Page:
Late-onset Neonatal Sepsis—A 10-year Review From North Queensland, Australia
Late-onset sepsis (LOS) in neonates contributes significantly to both morbidity and mortality. To determine the incidence of LOS, risk factors for disease and the impact on subsequent hospital course, we evaluated a cohort of 6340 neonates admitted to the neonatal intensive care unit and of neonates (3–28 days) admitted from the community between January 2005 and January 2016.Methods:
This was a retrospective case review of all neonates admitted with suspected LOS who had positive blood culture and/or cerebrospinal fluid cultures, for an organism determined to be a pathogen.Results:
Of 6340 neonates who survived beyond 3 days, 2271 (35.8%) had 1 or more blood cultures collected for suspected LOS. Of these, 146 (6.4%) positive blood cultures were thought to represent true bacteremia. The vast majority of infections (73%) were caused by Gram-positive organisms, with coagulase-negative staphylococci accounting for 39.8% of infections. Late-onset neonatal sepsis occurred predominantly in the 24–28-week age group (75.9%) and in neonates who weighed less than 1000 g (73.6%). The incubation time for positive blood cultures for Gram-negative sepsis was less (13 hours) when compared with Gram-positive sepsis (20 hours). Thrombocytopenia, elevated C-reactive protein and chorioamnionitis were consistently associated with late-onset Gram-negative sepsis (P < 0.05). Eight neonates (6%) died secondary to LOS.Conclusions:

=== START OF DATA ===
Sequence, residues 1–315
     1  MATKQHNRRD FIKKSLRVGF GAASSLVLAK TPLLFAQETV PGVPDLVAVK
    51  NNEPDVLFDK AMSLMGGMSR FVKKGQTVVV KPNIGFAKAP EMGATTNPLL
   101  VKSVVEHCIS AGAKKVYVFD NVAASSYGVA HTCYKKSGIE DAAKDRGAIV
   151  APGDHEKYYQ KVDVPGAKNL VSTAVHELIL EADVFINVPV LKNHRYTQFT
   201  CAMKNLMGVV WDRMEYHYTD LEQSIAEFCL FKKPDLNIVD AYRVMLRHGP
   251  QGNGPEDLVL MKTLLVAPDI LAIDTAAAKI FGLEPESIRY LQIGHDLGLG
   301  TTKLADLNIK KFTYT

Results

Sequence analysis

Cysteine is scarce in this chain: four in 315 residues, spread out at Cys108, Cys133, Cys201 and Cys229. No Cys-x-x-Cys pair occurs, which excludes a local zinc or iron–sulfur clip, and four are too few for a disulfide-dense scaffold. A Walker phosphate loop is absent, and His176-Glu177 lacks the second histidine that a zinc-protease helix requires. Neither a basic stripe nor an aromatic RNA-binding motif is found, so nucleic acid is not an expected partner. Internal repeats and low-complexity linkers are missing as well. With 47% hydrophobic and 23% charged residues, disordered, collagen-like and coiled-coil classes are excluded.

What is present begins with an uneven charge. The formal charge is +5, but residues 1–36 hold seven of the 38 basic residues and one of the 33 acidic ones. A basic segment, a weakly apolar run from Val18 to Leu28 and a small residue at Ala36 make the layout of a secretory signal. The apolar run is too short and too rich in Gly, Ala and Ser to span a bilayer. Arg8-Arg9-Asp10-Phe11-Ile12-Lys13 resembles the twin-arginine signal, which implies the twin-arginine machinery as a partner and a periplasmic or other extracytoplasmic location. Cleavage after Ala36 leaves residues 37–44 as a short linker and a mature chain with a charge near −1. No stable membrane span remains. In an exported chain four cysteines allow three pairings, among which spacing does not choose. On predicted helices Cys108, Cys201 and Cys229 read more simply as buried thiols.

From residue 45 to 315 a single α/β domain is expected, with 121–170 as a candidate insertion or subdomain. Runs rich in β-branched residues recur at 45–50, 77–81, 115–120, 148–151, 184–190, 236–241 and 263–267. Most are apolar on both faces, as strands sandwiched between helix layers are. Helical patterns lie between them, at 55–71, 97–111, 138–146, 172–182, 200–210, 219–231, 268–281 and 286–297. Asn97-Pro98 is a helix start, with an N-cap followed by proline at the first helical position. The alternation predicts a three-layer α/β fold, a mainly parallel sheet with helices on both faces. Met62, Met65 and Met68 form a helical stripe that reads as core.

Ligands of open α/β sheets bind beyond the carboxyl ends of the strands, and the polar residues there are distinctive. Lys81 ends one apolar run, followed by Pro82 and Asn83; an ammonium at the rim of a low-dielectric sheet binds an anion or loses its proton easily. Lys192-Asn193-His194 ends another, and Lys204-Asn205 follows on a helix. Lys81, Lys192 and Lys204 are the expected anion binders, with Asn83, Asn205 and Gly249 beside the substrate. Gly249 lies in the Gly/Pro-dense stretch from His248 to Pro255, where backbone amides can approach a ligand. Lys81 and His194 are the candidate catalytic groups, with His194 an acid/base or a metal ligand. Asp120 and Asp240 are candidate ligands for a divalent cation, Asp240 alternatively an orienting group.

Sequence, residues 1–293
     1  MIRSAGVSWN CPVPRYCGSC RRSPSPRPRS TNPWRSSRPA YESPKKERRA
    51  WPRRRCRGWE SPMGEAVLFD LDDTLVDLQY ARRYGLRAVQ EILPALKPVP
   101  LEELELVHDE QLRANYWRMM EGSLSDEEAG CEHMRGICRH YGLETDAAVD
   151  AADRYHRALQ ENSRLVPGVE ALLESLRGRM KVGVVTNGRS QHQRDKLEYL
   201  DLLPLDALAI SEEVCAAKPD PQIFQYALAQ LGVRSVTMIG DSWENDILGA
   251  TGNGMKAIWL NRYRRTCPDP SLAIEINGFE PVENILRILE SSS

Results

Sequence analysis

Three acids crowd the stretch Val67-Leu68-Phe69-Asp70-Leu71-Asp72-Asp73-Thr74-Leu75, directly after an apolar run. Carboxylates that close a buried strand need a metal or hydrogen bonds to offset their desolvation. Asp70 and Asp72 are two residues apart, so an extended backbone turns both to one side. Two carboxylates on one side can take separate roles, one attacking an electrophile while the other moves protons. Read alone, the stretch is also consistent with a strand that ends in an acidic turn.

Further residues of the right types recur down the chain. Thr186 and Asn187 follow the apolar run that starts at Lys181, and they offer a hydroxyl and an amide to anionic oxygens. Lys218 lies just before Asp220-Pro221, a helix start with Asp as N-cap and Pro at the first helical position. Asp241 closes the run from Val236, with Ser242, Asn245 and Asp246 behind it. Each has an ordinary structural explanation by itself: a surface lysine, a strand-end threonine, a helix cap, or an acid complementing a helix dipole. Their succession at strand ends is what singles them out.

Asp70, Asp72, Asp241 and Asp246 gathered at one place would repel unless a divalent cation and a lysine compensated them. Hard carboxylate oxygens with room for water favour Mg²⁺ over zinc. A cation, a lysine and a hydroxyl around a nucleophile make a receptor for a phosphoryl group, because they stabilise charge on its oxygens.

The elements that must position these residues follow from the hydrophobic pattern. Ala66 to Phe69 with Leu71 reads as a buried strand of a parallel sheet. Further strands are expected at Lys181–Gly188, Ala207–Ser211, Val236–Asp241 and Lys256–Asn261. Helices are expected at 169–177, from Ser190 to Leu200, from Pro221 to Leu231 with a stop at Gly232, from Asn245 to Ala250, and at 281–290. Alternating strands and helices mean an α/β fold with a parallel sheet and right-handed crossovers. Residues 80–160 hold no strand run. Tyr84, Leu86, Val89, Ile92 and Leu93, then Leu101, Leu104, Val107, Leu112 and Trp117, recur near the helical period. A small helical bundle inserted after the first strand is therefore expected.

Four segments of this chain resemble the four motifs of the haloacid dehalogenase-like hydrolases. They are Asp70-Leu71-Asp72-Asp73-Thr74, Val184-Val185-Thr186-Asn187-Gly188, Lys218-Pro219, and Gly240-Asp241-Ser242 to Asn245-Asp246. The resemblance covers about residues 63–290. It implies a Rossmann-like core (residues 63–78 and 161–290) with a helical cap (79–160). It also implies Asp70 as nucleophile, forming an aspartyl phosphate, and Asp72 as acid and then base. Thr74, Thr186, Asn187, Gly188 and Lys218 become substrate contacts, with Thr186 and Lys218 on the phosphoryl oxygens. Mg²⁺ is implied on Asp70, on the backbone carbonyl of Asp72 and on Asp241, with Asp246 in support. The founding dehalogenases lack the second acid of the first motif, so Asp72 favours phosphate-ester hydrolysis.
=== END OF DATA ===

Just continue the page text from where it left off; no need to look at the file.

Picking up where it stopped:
LOS contributes significantly to mortality and morbidity in neonates and remains a challenge to clinicians. Necessary steps to reduce late-onset neonatal sepsis should be undertaken.